Ivan’s private site

October 3, 2010

Lessons of the past…

Filed under: General,Private — Ivan Herman @ 12:00
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Two photos of the Holocaust memorial in Berlin

Two photos of the Holocaust memorial in Berlin; the left one represents the outer part of the grid, whereas the right one in the middle

A few years ago I was in Berlin and I also visited the Holocaust Memorial. It is a fascinating site, though it took a certain time to understand the intention of the artist. But, suddenly, I think I got it. The memorial consists of a set of gray blocks arranged on a grid; one can walk among the blocks along the grid lines although there is barely enough place for two persons at a time. On the outer parts of the grid the blocks are small; however, by getting closer to the center they become suddenly and unexpectedly high and oppressing (the extra trick is that the ground is also going down, but this is barely visible from the side, so the effect is surprising). And I mean really oppressing. The photos are just an an attempt to show the effects.

In some ways, the memorial is a representation of the poem by Pastor Martin Niemöller:

They came first for the Communists,
and I didn’t speak because I wasn’t a Communist.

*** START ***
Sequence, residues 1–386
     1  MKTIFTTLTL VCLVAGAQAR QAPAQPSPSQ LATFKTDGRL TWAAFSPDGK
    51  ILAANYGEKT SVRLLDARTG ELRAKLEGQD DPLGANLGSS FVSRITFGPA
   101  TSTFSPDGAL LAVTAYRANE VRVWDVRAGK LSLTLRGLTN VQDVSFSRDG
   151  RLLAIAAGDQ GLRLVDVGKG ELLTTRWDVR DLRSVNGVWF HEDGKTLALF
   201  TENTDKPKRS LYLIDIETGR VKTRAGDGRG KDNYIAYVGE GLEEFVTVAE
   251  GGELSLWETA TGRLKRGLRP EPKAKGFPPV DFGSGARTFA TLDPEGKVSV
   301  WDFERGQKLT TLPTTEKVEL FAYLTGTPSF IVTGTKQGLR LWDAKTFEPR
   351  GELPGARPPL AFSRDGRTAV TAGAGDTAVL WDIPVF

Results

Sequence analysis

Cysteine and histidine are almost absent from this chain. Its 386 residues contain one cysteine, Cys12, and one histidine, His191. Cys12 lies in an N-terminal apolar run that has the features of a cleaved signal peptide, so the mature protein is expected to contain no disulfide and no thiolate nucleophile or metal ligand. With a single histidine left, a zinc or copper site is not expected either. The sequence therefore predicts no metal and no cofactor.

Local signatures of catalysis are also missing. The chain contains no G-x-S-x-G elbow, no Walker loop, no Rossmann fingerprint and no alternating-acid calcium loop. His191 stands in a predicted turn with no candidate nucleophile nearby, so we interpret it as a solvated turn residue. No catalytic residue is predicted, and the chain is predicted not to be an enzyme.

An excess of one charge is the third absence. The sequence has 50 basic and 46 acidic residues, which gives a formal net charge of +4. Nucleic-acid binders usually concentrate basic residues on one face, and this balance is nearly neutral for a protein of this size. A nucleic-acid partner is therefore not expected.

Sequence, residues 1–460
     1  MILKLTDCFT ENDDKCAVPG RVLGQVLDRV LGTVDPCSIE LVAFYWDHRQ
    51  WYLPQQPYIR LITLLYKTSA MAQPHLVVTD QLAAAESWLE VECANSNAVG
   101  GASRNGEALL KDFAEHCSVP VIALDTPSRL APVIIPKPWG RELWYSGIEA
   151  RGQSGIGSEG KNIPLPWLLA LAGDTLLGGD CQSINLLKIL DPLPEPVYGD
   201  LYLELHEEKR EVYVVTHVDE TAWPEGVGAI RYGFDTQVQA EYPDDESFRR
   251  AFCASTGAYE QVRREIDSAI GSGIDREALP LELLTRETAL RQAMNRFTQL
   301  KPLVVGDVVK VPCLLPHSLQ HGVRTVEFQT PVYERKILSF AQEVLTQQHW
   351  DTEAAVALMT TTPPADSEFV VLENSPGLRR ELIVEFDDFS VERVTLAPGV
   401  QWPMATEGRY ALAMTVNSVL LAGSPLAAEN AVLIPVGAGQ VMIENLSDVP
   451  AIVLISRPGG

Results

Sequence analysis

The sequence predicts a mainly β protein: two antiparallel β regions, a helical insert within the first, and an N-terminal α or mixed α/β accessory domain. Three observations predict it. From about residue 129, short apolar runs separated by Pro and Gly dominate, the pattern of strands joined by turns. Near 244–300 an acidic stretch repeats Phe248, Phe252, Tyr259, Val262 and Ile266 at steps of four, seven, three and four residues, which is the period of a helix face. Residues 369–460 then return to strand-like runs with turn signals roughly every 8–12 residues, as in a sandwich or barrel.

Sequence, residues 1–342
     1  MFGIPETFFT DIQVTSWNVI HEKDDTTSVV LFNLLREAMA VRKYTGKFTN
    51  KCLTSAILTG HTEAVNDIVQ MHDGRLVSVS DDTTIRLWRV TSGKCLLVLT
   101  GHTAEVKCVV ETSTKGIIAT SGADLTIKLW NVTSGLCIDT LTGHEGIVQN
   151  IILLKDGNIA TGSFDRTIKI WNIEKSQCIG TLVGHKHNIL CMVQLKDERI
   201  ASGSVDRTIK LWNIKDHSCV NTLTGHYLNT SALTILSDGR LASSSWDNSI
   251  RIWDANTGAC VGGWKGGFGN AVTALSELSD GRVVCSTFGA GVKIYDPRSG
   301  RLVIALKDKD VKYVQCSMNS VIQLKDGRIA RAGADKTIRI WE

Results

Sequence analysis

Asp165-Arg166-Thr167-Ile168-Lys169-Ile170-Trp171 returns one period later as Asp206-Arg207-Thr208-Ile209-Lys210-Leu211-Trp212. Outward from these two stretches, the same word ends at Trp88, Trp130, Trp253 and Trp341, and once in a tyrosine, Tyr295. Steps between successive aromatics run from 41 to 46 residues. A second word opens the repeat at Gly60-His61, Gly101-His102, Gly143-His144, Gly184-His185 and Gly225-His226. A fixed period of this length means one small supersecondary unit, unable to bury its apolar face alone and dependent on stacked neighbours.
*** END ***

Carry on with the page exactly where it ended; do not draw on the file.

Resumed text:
Then they came for the Jews,
and I didn’t speak because I wasn’t a Jew.

Then they came for the trade unionists,
and I didn’t speak because I wasn’t a trade unionist.

Then they came for me, and by that time no one was left to speak up.

Why do I speak about this now? Because, the last week-end, a liberal and a center-right party in the Netherlands have signed an agreement with a guy called Geert Wilders to form a minority government: the set up is that those two parties form the government but they can count on the votes of Wilders’ party in the parliament. Of course, this has not been done by the kindness of Wilders’ heart: the government has to adopt many of his ideas. And those are, in many respect, simple: his party is one of the toughest anti-muslim parties in Europe at the moment, whose fundamental approach is that anything that has even remotely something to do with Islam is evil and to be fought against with all legal (?) means. In other words, a party that takes one part of the population, declares it collectively to be the enemy and responsible for most of the woes in the country. Familiar?

One could say that, although I am a foreigner living in the Netherlands, I am not directly affected, so why bother? And that is true; after all, I am an atheist and a “European”, not a Turk or Moroccan that form the majority of the muslim population in the country. But I am also the descendent of Holocaust victims, so I cannot stop asking myself: is this just the first step Pastor Martin Niemöller is talking about? Maybe East-Europeans are next?  (After all Wilder’s party took a fairly strong anti-Rumanian and anti-Bulgarian attitude at the time of the European elections). Maybe any foreigner? Maybe the Jews?